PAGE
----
Once you feel you have completed what you were assigned to write, park it – then don’t trust your feeling. Go back to the brief and look for those little things the client asked for which may seem fussy, but can be a big deal for the client. Check again to see if when you set out to write your piece you were supposed to

  • Stick to a certain word count
  • Write it in a particular font
  • Include images, logos, watermarks etc
  • SEO instructions – like specific hyperlinking, headings and bullet point instructions
  • Double-check what byline is supposed to be on the piece (I have a bad habit of occasionally putting my own name on a client’s work, or vice versa).


  1. Make Your Title Captivating and Distinctive

The best titles for a fiction piece should be lifted out of the work itself.  The best title for a content needs to tie in with SEO instructions. Often the copywriter should make the title a call to action or a question eg. ‘What is essential car maintenance for autumn?’


  1. The Best Writing Is Done Early In The Morning

You cannot create optimal work in the evening, no matter what urgency is placed on you. At the very least, try and space your drafts by a number of hours. Do a night draft then a morning draft. Tip: Draft firstly on the screen, then print a version to read, then do a final on-screen draft in a different font before sending.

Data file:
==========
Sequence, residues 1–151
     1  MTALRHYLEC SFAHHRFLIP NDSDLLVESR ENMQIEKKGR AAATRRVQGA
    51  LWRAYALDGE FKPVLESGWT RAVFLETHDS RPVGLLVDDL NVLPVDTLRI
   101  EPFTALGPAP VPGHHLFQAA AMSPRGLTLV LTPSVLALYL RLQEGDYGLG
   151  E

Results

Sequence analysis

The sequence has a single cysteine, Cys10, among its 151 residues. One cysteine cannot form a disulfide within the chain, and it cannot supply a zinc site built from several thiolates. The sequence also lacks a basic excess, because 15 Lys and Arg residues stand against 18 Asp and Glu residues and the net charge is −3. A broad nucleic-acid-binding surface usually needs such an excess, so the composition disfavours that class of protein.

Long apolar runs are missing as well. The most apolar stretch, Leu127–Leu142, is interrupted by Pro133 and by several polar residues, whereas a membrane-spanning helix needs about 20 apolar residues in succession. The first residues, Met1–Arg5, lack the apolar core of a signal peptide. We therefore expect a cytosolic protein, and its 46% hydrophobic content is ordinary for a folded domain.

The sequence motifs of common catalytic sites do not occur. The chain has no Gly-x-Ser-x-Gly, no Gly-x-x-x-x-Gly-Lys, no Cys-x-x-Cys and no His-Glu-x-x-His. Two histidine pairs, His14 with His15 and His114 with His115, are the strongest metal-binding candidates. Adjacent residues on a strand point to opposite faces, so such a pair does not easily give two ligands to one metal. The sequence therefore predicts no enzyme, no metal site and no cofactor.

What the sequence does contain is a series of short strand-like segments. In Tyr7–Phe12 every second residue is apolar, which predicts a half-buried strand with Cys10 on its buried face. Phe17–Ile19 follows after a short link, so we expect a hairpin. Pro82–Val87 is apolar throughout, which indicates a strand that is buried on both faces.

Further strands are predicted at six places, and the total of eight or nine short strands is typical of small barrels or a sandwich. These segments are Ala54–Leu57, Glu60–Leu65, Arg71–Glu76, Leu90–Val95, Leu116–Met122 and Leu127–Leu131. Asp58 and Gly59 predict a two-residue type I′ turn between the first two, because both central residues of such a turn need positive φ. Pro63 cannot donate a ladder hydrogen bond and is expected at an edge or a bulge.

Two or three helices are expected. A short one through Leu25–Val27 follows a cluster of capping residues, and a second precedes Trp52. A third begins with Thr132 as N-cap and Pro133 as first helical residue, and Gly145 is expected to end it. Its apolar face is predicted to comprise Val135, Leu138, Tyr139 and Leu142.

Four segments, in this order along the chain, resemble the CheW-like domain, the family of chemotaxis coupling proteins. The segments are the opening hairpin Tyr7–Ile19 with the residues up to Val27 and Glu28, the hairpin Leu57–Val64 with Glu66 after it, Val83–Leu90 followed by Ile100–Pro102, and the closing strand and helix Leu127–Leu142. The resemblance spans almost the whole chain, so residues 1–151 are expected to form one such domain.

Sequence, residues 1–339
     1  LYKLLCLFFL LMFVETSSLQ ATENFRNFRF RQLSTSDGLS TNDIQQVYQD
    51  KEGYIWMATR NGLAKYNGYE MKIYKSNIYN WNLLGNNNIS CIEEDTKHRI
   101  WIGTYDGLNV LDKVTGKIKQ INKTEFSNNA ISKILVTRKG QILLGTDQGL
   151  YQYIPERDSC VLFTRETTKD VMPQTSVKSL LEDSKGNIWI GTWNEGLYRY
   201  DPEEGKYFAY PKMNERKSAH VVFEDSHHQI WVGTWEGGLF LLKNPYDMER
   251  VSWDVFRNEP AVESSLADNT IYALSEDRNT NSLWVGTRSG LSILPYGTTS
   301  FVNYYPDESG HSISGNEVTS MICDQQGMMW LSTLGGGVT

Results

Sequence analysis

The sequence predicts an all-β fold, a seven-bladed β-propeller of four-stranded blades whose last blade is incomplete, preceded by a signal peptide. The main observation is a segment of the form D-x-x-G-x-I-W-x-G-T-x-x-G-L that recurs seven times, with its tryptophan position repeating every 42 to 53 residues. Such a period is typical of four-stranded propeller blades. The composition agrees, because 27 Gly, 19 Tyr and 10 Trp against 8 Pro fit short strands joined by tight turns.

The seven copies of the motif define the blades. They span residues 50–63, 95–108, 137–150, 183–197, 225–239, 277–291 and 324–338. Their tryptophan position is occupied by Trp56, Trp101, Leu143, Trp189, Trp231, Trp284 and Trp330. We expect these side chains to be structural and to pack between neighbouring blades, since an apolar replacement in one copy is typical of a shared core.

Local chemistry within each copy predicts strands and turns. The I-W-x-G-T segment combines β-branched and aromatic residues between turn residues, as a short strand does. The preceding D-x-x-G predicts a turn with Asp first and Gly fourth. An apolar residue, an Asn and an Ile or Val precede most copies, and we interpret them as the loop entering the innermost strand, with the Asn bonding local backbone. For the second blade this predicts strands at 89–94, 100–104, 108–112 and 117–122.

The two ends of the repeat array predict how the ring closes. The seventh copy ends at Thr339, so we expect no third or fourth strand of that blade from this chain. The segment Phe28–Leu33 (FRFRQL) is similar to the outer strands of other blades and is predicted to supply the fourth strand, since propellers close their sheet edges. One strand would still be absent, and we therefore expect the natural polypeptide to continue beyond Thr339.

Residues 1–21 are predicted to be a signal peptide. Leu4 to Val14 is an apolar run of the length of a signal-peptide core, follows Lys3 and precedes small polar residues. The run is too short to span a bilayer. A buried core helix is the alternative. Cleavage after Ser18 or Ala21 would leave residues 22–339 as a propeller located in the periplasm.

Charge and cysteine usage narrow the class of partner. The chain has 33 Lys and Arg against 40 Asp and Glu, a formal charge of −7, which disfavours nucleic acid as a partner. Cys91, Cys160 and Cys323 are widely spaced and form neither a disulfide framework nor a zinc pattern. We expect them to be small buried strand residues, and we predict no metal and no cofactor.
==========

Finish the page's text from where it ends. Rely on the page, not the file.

1. Write With The Door Closed; Edit With The Door Open

This means the first draft should be created with 100% concentration; then the final edit can be done while there are distractions in the background. This latter is a test of the readability of the words. If the words resonate despite distractions, you’ll know you’ve written something strong. Tip: Read the words aloud if you don’t trust your own eyes.


  1. Cut ‘That’ Out

Desperately need to trim a few words to get your 300 character Twitter announcement down to 280 characters?  The word ‘that’ is often redundant – so change a phrase like ‘Ms Akenisi said that it would be released on Monday’ to ‘Ms Akenisi said it would be released on Monday.’

Tip: Finding it difficult to know where to chop words out? Usually start hacking at the first paragraph, as this is the place you have probably ‘warmed up’ and wasted words with ‘throat clearing.’


Creative writing class for Mahurangi community

On Saturday May 26 I ran a successful creative writing workshop for the community north of Auckland in the Snells Beach – Mahurangi – Warkworth – Leigh area.

We covered:

  • Structure of novel, short story, play/drama and flash fiction